twice remade

I found a dress in mom’s closet many summers ago. While the shape of the dress wasn’t anything too special, the pleats, the bright blue color and the soft thin cotton was begging to be turned into a summer frock. So I went to it. While my enthusiasm was admirable, my work certainly was not. Being impatient to have the dress wearable, I took so many shortcuts it turned into a dress I never wore.

Digging it out from it’s hiding space I have done a repair on my botchy initial remake. Partly out of embarrassement, but also since I haven’t made any changes to the shape of the dress, I’ve opted to skip the “before” picture, and go straight to the “after” photo-shoot:

The initial changes I made, was to chop off the top portion of what was a sleeveless dress, and make straps instead. I also shortened the length quite a lot. The bodice was taken in to be fitted, and the original zipper put back in. Back in the days I didn’t know how to put in an invisible zipper, so that was one upgrade on this second round of remake. Someone (probably not me) had the foresight to save the scraps I had cut off from the original dress, and from the hem-leftovers I was able to add another layer to the bodice to make it less flimsy. And joy over all joys, among the scraps I found an inseam pocket from the original dress, that I had just cut around! I obviously put the pocket back in the dress, for I like my inseam pockets. Finally, I finished all the seams I had left unfinished last time. While I made no big changes, I still believe having done the steps properly this time around makes for a better looking dress.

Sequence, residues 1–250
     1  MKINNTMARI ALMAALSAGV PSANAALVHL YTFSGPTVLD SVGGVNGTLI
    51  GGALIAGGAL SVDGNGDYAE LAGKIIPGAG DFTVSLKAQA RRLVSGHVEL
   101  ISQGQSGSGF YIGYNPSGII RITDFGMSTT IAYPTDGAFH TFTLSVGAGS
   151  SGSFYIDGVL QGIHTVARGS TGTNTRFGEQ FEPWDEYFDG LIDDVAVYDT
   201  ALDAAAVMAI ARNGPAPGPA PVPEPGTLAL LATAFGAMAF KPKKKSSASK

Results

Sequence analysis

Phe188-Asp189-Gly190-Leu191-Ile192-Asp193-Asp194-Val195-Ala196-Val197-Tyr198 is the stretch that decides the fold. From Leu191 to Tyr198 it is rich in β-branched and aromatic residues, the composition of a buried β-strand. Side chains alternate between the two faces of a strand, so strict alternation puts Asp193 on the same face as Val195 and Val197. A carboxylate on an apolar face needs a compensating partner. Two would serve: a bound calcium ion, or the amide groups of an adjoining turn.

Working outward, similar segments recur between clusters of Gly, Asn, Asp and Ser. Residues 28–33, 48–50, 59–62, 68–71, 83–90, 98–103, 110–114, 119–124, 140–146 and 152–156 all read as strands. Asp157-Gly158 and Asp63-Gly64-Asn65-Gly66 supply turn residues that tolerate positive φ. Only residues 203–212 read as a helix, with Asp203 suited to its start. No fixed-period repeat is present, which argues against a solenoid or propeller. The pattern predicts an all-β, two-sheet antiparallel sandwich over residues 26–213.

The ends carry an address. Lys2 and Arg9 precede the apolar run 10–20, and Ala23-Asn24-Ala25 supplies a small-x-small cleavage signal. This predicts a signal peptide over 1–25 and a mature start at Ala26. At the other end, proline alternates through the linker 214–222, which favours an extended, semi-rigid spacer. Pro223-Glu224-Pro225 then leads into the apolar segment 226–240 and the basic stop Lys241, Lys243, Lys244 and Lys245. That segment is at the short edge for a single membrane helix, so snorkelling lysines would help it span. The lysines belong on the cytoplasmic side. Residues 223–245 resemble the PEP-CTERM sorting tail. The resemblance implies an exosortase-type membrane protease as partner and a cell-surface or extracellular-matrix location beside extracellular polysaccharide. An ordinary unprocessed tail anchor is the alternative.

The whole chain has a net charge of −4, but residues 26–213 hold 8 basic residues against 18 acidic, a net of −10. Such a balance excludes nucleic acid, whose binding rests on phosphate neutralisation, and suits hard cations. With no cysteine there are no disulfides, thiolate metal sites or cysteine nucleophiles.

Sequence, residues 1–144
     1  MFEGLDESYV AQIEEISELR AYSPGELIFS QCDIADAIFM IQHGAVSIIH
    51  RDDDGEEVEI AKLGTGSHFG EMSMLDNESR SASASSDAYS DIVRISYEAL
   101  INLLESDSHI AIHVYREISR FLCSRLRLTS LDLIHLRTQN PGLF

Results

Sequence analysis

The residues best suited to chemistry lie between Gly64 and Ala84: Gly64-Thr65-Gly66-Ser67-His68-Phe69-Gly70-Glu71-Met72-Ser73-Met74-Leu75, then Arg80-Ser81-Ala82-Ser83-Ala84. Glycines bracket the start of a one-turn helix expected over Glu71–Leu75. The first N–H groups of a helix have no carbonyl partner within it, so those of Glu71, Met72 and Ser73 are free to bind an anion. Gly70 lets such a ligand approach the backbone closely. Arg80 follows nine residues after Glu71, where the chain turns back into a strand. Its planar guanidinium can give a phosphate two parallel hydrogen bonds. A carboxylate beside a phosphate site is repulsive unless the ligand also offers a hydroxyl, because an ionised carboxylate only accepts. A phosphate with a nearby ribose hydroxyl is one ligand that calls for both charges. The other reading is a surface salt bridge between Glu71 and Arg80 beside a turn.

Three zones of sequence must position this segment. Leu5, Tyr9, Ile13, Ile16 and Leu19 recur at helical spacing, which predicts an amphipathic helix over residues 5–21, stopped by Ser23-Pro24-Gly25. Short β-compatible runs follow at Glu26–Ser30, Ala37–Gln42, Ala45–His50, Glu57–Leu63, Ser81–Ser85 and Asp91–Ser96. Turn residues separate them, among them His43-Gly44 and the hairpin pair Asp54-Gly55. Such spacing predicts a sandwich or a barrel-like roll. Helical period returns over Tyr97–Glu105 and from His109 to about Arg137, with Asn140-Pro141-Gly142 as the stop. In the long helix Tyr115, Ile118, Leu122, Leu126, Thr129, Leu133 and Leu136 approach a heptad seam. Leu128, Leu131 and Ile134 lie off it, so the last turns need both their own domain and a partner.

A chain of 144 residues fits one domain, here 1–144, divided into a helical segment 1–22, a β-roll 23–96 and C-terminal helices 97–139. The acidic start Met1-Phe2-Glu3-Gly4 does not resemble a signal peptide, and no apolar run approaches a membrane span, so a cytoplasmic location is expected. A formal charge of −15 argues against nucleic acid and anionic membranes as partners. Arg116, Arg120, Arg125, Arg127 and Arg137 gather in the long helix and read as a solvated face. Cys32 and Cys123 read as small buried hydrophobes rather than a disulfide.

The boy helped out by taking nice pictures with his fancy camera. And obviously, if you go outside on late summer nights, the mosquitoes will get you. Big time.

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grandma-dress

There are some things I’ve sewn that have gotten more use than others. This is such a thing. It started out as my grandmothers dress, that I wore some times. While I loved the shape of the dress, I didn’t really wear it much as it was – always with sweater over it. I spent several years debating whether or not to cut into it and making a strapless dress instead. Having been my grandmothers I was very apprehensive, feeling like I’d ruin her dress by altering it – but I finally decided I’d probably get more use of it after the refashion.

I did. I’ve celebrated birthdays, opera-premieres, exhibition- openings, garden-parties (granted, the birthday girl – which wasn’t me that day – got to wear it for that occasion), school- acceptances, and ordinary school days in this dress. It’s also the perfect summer garment to randomly frolic, back-lit, in a lush field:

Yes – I love this dress.

Looking at the picture of the dress as it was, I do think it was a beautiful dress, and maybe at this point, I would use it as it was. However, I can’t regret making this pretty floral frock, and I am often complimented on it when I wear it, so that is lovely.

To the left: The dress as it was. Perhaps some day I will try to replicate it. This was the only picture I had of the dress pre-refashioning, so I apologize about the blurry head. To the right: The dress is obviously well suited for hanging out in a chair in a field.

The fabric wasn’t as lovely as the print, which is one reason I went ahead with the refashion. Being some 40 years old (or more?) it is of course made of polyester, or some other equally clingy and unbreathing material. The lining was even worse; static and plasticy, and generally horrible. First I unpicked the bodice from the skirt, and took apart all the pieces which were to be used for the new corset-like bodice. Next I placed the seam and zipper of the skirt in the back instead of the side. This made the skirt fall rather strangely, so I ended up placing all the gatherings in the back to compensate.